Labour's Māori campaign manager Willie Jackson is open to negotiating with Winston Peters, despite the latter wanting a referendum on the Māori seats.
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Appearing on The Nation on Saturday alongside Green MP Marama Davidson, Mr Jackson told host Patrick Gower his party could work with Mr Peters if that's what it took to change the Government.
"We can work with Winston," he said. "He's worked well with Labour in the past. He's talked about this referendum - everything is negotiable. We'll see what the numbers bring us, but I don't think he's going to die over one particular thing - he's got a number of bottom lines."
Mr Peters worked with Labour under Helen Clark, serving as Foreign Minister between 2005 and 2008.
Mr Jackson emphasised his first obligation was to the Green Party however, and he hopes they will do well at next weekend's election.
"We've made that commitment. We are a block. We represent left-wing and a lot of Māori and working-class interests."
Mr Jackson explained that while working with the NZ First leader isn't ideal, it wouldn't be difficult either, offering an example of the Māori Party's relationship with Don Brash as proof.
"Look, the Māori Party went and had a cup of tea and breakfast with Don Brash, the day after Brash had just finished the most racist campaign in the history of New Zealand politics - so we can talk with Uncle Winston, not a problem."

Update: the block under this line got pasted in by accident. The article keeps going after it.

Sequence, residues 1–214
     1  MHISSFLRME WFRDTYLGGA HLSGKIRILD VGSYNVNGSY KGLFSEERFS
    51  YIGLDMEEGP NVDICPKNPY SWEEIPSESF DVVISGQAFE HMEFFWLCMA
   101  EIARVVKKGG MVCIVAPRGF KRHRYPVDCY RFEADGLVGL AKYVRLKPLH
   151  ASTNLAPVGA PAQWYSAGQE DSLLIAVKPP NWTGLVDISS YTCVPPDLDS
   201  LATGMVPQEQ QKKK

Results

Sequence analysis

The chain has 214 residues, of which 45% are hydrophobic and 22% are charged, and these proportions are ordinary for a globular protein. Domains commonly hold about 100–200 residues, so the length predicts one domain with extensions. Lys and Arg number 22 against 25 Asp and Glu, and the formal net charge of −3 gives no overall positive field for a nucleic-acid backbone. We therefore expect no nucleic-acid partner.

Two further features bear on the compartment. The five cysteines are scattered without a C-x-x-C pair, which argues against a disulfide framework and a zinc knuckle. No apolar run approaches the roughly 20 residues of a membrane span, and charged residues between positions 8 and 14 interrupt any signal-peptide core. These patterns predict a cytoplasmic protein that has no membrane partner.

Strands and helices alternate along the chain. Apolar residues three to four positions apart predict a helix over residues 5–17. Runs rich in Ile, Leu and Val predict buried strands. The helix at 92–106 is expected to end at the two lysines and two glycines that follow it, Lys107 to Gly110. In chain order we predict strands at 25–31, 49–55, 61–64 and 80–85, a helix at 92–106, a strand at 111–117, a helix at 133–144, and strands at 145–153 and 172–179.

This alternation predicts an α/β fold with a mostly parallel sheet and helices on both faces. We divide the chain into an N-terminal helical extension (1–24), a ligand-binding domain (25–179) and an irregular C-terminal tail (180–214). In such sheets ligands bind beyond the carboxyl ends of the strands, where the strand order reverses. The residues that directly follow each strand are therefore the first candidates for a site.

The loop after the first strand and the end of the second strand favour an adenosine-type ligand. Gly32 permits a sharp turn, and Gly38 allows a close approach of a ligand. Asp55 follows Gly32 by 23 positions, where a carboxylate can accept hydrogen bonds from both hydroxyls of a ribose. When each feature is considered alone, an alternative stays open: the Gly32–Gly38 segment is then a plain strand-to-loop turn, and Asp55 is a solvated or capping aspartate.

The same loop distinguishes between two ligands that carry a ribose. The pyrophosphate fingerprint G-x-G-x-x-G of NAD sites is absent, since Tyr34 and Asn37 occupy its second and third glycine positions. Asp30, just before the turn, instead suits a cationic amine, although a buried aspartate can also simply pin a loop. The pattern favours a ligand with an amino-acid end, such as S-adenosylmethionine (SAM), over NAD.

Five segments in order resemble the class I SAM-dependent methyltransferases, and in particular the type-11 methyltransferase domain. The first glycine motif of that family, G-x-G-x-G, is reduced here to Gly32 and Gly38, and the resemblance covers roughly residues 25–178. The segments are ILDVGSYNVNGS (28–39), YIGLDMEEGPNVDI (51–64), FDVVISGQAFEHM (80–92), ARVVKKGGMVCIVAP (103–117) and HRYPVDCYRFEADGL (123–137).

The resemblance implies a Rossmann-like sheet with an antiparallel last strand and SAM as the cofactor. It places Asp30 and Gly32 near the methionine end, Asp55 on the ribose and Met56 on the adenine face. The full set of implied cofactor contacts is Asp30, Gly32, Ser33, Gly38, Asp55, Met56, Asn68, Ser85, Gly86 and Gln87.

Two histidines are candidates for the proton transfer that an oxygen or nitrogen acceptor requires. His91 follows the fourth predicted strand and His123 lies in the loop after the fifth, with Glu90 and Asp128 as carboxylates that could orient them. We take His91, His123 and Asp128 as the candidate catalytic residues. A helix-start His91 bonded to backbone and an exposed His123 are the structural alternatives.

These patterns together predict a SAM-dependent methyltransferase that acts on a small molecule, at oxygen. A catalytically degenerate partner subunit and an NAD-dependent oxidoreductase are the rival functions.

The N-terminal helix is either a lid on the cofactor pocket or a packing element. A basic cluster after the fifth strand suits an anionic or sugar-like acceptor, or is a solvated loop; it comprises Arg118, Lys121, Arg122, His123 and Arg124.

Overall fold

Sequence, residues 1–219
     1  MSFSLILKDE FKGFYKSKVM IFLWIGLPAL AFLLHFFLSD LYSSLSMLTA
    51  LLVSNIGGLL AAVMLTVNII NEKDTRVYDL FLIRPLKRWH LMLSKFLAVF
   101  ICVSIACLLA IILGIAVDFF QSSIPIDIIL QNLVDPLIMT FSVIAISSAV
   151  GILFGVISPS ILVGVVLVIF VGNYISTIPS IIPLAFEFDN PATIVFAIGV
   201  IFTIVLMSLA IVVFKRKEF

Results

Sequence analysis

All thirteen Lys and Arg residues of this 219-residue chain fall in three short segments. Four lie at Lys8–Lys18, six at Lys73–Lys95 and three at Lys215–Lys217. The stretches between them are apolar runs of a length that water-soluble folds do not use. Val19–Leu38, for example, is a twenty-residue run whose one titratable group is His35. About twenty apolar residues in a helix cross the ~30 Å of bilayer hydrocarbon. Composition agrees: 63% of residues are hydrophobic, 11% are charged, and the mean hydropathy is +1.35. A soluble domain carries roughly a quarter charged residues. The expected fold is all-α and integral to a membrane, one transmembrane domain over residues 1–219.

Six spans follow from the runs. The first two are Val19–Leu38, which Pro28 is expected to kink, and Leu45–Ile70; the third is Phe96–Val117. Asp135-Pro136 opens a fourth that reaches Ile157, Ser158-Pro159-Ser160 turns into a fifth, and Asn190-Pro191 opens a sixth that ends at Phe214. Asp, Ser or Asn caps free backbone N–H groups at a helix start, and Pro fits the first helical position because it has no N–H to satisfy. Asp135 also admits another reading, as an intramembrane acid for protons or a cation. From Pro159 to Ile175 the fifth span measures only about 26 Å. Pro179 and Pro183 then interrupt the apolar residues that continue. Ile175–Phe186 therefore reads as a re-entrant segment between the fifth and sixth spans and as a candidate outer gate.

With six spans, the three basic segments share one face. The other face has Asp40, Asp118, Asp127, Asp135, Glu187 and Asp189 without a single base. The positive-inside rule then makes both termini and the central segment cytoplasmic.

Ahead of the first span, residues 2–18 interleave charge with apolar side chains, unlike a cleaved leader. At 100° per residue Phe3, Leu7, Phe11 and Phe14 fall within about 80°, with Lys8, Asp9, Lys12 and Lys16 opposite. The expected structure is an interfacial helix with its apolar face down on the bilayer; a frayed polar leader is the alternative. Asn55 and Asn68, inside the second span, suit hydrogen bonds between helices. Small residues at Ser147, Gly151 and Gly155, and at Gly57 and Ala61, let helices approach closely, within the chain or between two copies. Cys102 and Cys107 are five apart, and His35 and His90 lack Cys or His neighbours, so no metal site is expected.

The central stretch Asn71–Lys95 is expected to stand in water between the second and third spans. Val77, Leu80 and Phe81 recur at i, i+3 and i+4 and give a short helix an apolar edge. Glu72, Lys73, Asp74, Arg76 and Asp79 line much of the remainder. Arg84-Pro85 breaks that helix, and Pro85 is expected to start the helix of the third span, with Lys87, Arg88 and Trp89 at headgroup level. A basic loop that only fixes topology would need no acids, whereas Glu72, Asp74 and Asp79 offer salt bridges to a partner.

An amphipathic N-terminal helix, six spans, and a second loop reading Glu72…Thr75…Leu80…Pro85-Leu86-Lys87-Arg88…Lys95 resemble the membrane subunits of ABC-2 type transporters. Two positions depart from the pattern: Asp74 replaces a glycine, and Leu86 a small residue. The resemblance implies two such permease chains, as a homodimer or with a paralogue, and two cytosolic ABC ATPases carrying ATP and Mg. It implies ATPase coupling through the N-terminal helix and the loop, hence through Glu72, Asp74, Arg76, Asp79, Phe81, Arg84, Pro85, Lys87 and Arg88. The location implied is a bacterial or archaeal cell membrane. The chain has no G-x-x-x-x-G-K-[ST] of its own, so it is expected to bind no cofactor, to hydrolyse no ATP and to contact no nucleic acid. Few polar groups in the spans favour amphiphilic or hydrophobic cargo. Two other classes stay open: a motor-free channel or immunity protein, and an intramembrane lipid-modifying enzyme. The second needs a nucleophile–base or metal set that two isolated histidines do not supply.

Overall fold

Dr Brash has long argued for the abolition of the Māori seats, and has recently been the face of lobby group Hobson's Pledge, which opposes alleged favouritism for Māori.
Asked the same question of whether she would be open to working with Mr Peters, Ms Davidson referred to her party's past collaborations with the leader.
"We have worked with Uncle Winston in the past," she said. "I was really happy that he supported our feed the kids Bill."
But on the referendum - the Greens have been clear.
"Already Māori have the agency to vote on the general or the Māori role, we already are able to make that decision. Our opposition to Winston Peters' policies [has been] clear and upfront - we won't put up with some of his attitudes and policies and approaches that pull on that populist racism stuff that we actually need to be resisting."
Both Ms Davidson and Mr Jackson said they are concentrating on getting as many party votes as possible so they don't need to consider anyone else.
Ms Davidson is open to a three-way coalition with the Māori Party.
"That's our preference for a truly progressive Government - for the Government that's going to help the Green Party get our priorities over the line."